Are you tired of living in your apartment and you are looking for more space? Are you looking to become a homeowner, but you aren’t sure where to even start? Well, you came to the right article!
Mortgage lending isn’t as intimidating as it sounds, and we are here to help you. This article will go over the different types of loans and programs available to first-time buyers and where you can go to get started on your loan!
First-Time Homebuyer Programs
Many different programs help first-time buyers buy their homes, such as down payment assistance. You will be given this money to help cover your down payment if you cannot pay it on your own. Down payment assistance, also known as DPA, can be in grants or bonds.
DPA grants do not need to be repaid, and they are available from your local or state government programs. Typically, DPA bonds do have to be repaid if the home is sold or refinanced within a certain timeframe. However, outside of that timeframe, the bond will be forgiven.
Similar to down payment assistance, you can also qualify for financing options such as closing assistance. If you do not have enough to cover your closing costs, you can obtain a closing assistance loan or grant.
Closing costs average between 3%-6% of your home loan, and they are paid at the end of your mortgage lending process. If you cannot obtain a closing assistance loan or grant, you can also reach out to the seller to see if they will help with closing costs.
Federal Homebuyer Programs
Not everyone qualifies for government-backed loans, but they are worth researching. Each federal loan comes with specific requirements that not everyone will meet; for example, low-income people may be more eligible than someone who isn’t. Federal programs are open to any legal resident or citizen of the United States.
USDA loans are government-backed loans that make it easier to purchase a home for those who live in more rural areas. These loans are backed by the U.S. Department of Agriculture and offer lower interest rates. If you are approved for a USDA loan, you will be able to purchase real estate with no down payment.
Good Neighbor Next Door
If you are a teacher, law enforcement officer, EMT, or firefighter, you can take advantage of the good neighbor next door program. This program is sponsored by the Department of Housing and Urban Development, also known as HUD. There are select HUD properties that you can receive for a massive 50% discount.
FHA Loans for First-Time Buyers
FHA loans are outstanding for borrowers with credit issues and only have a small amount of their down payment. These loans allow borrowers to put down 3.5% as long as they have a credit score of 580. If your credit score is below a 580 credit score, you can still qualify for an FHA loan.
The minimum credit score allowed is a 500 credit score, but you will be required to put down 10%. The house you are purchasing with the FHA loan must be your primary residence. You cannot use an FHA loan to buy a vacation home or an investment property.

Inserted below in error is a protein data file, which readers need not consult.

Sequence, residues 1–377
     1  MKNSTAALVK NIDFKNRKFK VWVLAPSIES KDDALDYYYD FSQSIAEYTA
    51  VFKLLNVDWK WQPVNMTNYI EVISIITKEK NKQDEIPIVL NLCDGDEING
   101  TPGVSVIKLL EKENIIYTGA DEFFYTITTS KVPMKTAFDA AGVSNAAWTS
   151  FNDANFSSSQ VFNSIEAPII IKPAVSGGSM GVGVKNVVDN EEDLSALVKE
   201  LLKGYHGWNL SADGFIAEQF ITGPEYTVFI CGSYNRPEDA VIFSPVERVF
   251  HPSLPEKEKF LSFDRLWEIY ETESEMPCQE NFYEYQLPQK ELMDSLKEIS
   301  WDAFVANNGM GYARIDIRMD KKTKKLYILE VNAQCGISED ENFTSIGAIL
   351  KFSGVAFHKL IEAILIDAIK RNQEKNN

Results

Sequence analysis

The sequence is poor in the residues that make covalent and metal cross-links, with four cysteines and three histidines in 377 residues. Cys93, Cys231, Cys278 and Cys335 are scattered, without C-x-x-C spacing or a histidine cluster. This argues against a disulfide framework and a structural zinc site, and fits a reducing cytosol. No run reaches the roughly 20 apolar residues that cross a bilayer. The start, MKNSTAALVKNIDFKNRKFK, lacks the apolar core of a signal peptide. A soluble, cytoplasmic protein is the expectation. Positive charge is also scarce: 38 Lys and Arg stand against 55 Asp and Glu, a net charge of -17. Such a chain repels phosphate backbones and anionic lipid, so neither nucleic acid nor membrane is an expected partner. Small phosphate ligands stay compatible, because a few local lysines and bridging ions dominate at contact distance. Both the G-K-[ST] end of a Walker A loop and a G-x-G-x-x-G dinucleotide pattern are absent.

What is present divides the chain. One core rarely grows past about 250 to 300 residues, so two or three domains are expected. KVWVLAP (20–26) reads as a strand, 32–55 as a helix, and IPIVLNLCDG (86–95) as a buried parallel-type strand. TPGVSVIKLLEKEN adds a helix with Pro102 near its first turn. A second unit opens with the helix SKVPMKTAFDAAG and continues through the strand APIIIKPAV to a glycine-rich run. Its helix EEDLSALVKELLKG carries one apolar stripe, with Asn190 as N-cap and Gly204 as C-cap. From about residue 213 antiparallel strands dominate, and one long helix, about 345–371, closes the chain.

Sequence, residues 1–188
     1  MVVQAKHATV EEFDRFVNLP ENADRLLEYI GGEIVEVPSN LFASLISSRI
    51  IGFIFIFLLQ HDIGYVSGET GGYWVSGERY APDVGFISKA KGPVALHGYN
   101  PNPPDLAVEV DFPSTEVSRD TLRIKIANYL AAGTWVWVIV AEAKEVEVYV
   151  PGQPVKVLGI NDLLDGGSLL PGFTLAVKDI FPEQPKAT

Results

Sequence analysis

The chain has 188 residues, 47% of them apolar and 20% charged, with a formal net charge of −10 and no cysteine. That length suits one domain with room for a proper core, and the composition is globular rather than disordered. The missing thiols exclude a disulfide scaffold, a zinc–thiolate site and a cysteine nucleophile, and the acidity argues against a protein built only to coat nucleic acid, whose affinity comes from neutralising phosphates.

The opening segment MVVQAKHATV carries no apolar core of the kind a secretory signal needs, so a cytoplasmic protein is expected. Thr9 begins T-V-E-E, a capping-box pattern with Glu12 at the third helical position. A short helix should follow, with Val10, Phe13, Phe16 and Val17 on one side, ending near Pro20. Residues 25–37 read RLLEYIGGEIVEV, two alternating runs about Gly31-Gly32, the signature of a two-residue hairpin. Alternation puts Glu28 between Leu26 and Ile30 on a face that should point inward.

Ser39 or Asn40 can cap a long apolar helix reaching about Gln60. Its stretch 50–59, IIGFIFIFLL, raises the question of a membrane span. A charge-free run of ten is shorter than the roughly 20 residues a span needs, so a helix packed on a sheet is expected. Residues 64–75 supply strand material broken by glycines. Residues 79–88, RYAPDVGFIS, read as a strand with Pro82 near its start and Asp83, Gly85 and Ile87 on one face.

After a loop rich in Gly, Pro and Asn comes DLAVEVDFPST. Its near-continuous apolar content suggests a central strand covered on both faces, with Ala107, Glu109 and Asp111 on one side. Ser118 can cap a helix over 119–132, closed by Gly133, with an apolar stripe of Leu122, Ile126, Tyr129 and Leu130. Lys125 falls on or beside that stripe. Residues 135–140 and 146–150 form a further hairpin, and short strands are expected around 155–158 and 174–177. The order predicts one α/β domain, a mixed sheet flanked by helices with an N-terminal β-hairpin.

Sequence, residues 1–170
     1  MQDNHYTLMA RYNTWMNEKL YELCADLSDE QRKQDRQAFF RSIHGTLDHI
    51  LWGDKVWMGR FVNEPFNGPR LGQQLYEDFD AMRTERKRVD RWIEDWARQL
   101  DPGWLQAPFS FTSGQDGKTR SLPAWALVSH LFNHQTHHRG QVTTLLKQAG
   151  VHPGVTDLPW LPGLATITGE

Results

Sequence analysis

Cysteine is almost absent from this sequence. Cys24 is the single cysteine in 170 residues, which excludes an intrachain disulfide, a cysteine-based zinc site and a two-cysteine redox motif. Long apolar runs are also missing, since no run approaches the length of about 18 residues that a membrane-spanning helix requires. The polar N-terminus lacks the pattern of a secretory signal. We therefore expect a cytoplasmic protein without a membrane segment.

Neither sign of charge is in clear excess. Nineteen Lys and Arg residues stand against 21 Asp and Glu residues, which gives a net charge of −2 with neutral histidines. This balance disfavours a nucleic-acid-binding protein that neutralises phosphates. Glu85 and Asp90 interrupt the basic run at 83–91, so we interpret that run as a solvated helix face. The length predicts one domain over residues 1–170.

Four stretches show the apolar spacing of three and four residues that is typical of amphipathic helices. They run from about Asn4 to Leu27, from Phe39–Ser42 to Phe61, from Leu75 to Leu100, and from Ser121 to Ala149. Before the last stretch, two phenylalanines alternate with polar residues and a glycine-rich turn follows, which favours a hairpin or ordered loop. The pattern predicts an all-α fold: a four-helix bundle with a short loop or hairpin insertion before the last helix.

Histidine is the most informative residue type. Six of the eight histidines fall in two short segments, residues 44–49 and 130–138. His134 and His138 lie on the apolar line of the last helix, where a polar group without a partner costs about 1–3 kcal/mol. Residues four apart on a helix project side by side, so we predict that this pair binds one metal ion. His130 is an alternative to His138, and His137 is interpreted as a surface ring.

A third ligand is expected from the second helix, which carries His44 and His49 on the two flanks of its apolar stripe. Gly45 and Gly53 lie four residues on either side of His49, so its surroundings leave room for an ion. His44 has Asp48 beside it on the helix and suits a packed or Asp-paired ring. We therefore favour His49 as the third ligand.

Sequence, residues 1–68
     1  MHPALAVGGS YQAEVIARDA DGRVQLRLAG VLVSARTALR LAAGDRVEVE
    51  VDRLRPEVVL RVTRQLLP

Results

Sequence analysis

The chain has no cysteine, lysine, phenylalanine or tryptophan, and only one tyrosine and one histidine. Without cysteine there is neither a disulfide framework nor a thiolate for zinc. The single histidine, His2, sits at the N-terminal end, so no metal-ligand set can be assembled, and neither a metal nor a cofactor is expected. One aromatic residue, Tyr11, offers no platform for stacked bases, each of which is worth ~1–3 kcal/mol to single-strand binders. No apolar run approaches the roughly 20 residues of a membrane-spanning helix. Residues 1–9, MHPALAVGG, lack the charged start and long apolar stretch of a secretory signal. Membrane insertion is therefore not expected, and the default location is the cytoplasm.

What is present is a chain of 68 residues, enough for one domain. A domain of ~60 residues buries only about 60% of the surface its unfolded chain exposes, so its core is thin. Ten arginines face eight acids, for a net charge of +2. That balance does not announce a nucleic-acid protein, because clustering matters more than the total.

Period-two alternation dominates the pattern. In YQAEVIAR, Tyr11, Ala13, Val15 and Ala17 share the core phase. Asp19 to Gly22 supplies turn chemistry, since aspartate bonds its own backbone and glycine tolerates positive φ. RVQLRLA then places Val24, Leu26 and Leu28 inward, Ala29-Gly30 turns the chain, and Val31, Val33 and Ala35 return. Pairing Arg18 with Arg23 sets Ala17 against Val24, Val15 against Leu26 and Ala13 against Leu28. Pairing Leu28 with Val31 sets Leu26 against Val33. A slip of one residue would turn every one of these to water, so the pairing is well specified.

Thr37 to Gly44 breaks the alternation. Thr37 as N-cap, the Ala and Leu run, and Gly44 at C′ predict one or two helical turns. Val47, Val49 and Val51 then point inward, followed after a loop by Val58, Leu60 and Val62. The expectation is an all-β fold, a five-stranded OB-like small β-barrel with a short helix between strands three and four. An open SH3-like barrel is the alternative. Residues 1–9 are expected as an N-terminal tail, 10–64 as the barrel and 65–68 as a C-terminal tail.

Conventional loans are the best for borrowers with good credit and at least a 10% down payment. The average credit score needed to obtain a conventional loan is 620.
If you have a score of around 740 or higher, you can expect to have a lower down payment and a great rate. Your debt to income ratio plays a huge factor in conventional loans as most lenders want to see it under 36%.
As a new homeowner, it is crucial to know the different terms and steps of obtaining a mortgage before starting the home buying process.
These courses teach you about the entire buying process, applying for a mortgage, and different loan options. For specific programs, such as the USDA loan, you may be required to take a home buying class to show that you are familiar with the process.
Private Mortgage Insurance
Although there are home loans that only require putting a small down payment on the property, you may be subject to Private Mortgage Insurance. Private Mortgage Insurance, also known as PMI, protects the lender if you default on your mortgage.
PMI typically costs about 1% of your annual mortgage and is generally included in your monthly payment. If you don’t want to pay for PMI, you can put down 20% when purchasing your home.
Along with your income, your credit score is a major defining factor in whether you get approved for a loan or not. You can receive a free credit report from each of the three main reporting bureaus every year.
It would be a great idea to review your credit history before you even consider applying for a home loan. When you have a solid credit score with on-time payments and little to no debt, you show the lender that you can handle a mortgage.
Once you start the homebuying process, it is best not to make any big purchases. Even if your credit score is good and you make enough to purchase that new car, try to hold off until after you close on your home purchase. Making any big purchases could jeopardize you getting into your dream home.
Qualifying for First-Time Buyers
Each program is unique in determining if you qualify, so it is essential to speak with a reputable lender to get more information. Usually, if you have not owned any home in the last three years, you are a first-time buyer. For loans such as FHA or USDA, your house will have to meet specific criteria before you qualify.
Mortgage Lending for First-Time Buyers
If you don’t do your research before starting your home buying process, you may find yourself lost and confused. Mortgages are not one-size-fits because everyone has different needs and financial circumstances.
Once you know which type of loan you want to apply for, contact us now. Our team is knowledgeable in mortgage lending, and we will be able to answer any questions about the first-time buyer’s process.